Clearing Out and Clearing Off

I recently wrote about having lived on the road for 7 years. But here’s how it came about and how I made it happen…

Back in 2010, I decided to change everything and live life permanently in transit instead of being based in London. It was a perfectly rational decision. It had nothing to do with falling out of love with London, nor was it anything to do with being daring or having a mid-life crisis. I left because I had always spent a lot of time travelling, and it had now gotten to the point where living a life permanently travelling seemed more logical. Stuff was going on that made a life on the road within my grasp, and due to an increasing abundance of Wi-Fi and Airbnb homes, it was now sustainable long-term. I was at the point where not making the leap would have been the irrational thing to do.

In 2009, I had ‘relieved’ myself from having a geographically-grounding desk job. I’d shut down my Camden-based agency. I went freelance, staff-less and mobile. I realized with a whoop that I could now work from ANYWHERE. As a consultant, my new clients didn’t really give a rats-ass where I was as long as I was accountable and on the end of a phone call when they needed me.

There were other catalysts too. I’d just been dumped (again), I had a couple of dysfunctional friendships going on, and unlike my friends, I didn’t have kids, and I didn’t have so much as a plant, let alone a cat, and I didn’t really want one either. In short, I had no ties. I also had a new client that wanted me to write launch strategies based on research conducted actually in the new market. How much better that research would be if I was there for at least a month instead of the usual 4-day-brutal-work trip.

I did the sums and realized the monthly income from a London rental was the equivalent of about 6-months’ rent in Bogota. My flat was suddenly worth more with me not in it.

The decision was easy. Emotionally, professionally and financially, I was better off packing up and clearing off.

The toughest but ultimately most rewarding part was getting rid of everything I owned. A massive whatever to all your ‘Life-changing-Magic-of-Tidying Gurus’. 5 years ahead of you lot. AND I didn’t just do a bit of de-cluttering. I liberated myself from a lifetime of clutter.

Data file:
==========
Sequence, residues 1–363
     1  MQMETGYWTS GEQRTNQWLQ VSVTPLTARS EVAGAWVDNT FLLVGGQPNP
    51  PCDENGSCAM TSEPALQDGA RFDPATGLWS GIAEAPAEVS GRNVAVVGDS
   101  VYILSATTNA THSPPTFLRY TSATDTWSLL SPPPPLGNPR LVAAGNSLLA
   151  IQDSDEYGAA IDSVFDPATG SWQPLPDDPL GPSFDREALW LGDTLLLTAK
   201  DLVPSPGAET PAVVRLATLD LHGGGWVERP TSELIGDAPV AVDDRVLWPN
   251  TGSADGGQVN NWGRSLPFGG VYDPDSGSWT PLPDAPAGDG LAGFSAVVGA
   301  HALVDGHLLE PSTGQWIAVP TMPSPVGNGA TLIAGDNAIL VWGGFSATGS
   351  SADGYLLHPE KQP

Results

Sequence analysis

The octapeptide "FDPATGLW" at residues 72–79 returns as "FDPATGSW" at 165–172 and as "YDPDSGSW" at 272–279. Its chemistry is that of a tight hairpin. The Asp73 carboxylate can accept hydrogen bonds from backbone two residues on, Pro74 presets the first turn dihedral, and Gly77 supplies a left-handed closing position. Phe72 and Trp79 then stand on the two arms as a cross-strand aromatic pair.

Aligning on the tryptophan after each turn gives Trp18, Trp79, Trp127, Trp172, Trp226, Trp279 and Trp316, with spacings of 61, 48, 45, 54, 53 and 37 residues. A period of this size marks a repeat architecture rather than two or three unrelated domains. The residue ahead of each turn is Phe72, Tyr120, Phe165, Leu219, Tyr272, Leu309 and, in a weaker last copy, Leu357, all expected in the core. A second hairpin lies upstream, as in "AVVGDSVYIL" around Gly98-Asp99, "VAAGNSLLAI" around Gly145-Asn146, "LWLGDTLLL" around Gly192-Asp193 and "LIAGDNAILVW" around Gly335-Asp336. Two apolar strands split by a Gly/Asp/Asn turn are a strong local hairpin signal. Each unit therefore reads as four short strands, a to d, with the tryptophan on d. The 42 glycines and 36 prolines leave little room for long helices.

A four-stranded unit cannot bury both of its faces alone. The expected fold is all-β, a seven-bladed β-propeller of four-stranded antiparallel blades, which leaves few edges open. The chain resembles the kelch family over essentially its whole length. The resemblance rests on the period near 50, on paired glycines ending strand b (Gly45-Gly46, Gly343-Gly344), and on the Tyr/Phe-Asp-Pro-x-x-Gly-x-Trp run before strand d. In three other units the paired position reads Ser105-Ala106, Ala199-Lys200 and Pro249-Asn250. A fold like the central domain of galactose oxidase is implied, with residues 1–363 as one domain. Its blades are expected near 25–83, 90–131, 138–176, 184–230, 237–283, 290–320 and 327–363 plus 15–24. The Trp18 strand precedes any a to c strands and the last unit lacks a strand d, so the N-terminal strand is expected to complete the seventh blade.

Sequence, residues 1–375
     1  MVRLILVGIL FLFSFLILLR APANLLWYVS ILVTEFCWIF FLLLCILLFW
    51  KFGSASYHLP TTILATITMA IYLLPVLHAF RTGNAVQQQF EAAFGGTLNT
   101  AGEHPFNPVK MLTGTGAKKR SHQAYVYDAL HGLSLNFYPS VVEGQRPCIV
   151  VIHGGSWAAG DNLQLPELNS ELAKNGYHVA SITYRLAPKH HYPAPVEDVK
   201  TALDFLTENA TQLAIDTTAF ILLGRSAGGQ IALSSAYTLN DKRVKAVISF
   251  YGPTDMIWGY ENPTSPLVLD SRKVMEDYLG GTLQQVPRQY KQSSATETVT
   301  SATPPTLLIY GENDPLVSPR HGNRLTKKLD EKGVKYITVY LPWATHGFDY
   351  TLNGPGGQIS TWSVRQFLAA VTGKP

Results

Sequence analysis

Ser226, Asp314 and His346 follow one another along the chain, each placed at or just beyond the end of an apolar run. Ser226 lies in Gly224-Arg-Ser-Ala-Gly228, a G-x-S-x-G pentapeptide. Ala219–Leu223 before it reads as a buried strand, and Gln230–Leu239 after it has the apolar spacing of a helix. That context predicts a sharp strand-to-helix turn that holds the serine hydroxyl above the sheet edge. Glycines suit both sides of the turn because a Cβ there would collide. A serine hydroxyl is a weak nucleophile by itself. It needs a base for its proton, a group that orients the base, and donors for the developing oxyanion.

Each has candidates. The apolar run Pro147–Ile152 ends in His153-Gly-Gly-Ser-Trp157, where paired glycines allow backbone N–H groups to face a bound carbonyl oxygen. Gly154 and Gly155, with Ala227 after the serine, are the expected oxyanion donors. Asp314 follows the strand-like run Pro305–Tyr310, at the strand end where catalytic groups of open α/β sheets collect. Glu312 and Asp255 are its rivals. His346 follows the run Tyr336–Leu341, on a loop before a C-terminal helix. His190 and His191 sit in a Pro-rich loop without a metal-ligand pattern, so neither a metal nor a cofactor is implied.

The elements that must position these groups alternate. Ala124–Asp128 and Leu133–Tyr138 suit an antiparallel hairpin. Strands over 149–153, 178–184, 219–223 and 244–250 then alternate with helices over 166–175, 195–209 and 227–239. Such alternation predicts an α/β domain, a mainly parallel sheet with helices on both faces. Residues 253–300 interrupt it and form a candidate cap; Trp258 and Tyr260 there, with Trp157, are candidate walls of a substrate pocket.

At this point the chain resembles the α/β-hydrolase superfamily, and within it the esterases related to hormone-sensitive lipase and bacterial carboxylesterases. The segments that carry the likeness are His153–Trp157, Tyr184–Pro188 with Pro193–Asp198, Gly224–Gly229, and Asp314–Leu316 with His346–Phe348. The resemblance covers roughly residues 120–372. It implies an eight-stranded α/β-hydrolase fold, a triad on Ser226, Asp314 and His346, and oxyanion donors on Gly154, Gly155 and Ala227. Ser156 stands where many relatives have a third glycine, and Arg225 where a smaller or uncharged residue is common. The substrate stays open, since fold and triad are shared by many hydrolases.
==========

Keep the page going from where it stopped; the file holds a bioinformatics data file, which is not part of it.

I shoved 4 boxes of sentimental bits and pieces in my Dads loft. I restricted clothes ownership to just one (large) suitcase. And that was that. The rest was gone. I gave stuff away, dropped boxes off at charity shops and eBay, and dumped and returned. How long did it take me to rid myself of 40 years’ worth of stuff? One week.

Yeah, there was some worthy, philosophical thinking going on too: that perhaps we shouldn’t be grounded in just one place because of the things we choose to fill it with. That we shouldn’t be accountable to inanimate objects that will probably end up in a skip or being sold at some point during their transient life through your decedent’s lives. That there might be some real tangible relief in being freed from worrying about stuff, looking after stuff, insuring stuff, cleaning damn STUFF.

But back in practical reality land, the real reason it had to go was that I couldn’t rent the place out unless it was empty. And I sure as hell wasn’t taking it with me or going to pay for expensive storage. Job done, though; boy, did it feel good. And yeah, it was freeing, liberating and strangely exciting.

All I now own is a lap-top, work ephemera, toiletries, two lipsticks (not really sure I need both), a good old-fashioned Moleskin diary, a bunch of notebooks, a pen, a copy of James Joyce’s Ulysses (which I never read), my camera and only clothes that I actually wear and/or need. I’d probably owned about 100 outfits but only ever wore about 10 of them. I don’t think I even know 100 people; never mind need a different outfit each time I see them.

You really don’t need many clothes. If you can master the art of layering, a small amount of gear can easily get you from summer to winter. When it gets cold, you just start wearing all of it in one go. At the end of the season, the winter coat gets left at my Mums to be replaced by the summer one. It’s a strict ONE of everything; ONE white T-shirt, ONE pair of dark jeans, ONE pair of light jeans, and so on. I own four pairs of shoes, one for every occasion. And there really are only four occasions: hot, cold, flip-flops and fancy. It’s a strict one-in, one-out suitcase policy. When the white T-shirt is dead, then – and only then – do I buy a new one. Don’t get me started on socks, though. They were and always will be a right pain. I’m forever washing socks in a sink somewhere in the world, and they take forever to dry.

And that’s pretty much it. I and the efficient suitcase have plotted over 100 Airbnb homes across 70 cities in seven years. I plug in, switch to Wi-Fi (usually called something like InhaleSatan) and crack on with life and work pretty much in the same way as I had before, albeit with a different view from the window. In 2014, I added a bolt-hole in Switzerland, and in 2017 I chucked out the long-term tenant in my London place and replaced them with Airbnb guests so that I could spend the occasional night in London, catching up with friends who, by now, I hadn’t seen in a really long time.

I’ll probably write a piece about useful things to own when you live on the road – especially since I’m pig-sick of journalists with no experience trying to do so.  But that’s enough for now.

As ever, if I’m passing through your town, be sure to say hello, and if you care to donate some socks, I’d be much obliged.

Professional work: Ideas Make Manifestos